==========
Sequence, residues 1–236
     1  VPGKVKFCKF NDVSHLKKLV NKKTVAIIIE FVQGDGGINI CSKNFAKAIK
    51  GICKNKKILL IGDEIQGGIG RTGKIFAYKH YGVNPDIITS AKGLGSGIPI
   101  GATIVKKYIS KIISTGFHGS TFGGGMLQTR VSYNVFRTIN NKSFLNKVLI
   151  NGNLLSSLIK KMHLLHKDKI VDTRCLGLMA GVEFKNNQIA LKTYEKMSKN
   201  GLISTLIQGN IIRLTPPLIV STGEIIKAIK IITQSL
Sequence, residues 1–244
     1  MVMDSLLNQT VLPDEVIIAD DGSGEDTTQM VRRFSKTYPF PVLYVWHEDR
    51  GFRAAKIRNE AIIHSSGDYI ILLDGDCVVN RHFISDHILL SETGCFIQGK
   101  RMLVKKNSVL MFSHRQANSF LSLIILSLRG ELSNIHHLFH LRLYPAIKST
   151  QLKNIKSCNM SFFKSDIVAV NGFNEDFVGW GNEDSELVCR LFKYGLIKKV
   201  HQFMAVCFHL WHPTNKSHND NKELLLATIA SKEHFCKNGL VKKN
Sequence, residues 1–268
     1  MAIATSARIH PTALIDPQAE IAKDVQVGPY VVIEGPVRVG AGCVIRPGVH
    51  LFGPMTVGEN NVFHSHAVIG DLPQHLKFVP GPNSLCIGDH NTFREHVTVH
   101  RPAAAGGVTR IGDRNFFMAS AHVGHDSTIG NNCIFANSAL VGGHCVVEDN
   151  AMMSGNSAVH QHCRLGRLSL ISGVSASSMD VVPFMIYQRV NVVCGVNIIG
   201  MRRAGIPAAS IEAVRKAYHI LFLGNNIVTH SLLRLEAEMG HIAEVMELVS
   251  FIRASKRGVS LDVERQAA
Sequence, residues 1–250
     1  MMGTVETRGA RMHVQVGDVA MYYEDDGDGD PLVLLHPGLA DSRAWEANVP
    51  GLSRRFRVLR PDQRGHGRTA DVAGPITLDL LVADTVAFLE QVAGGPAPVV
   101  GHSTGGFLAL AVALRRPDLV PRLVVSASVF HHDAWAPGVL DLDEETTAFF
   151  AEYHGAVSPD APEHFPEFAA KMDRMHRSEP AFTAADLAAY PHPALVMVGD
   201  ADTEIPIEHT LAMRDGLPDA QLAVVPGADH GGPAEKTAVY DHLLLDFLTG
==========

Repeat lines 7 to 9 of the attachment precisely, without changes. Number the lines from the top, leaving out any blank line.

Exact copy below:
Sequence, residues 1–244
     1  MVMDSLLNQT VLPDEVIIAD DGSGEDTTQM VRRFSKTYPF PVLYVWHEDR
    51  GFRAAKIRNE AIIHSSGDYI ILLDGDCVVN RHFISDHILL SETGCFIQGK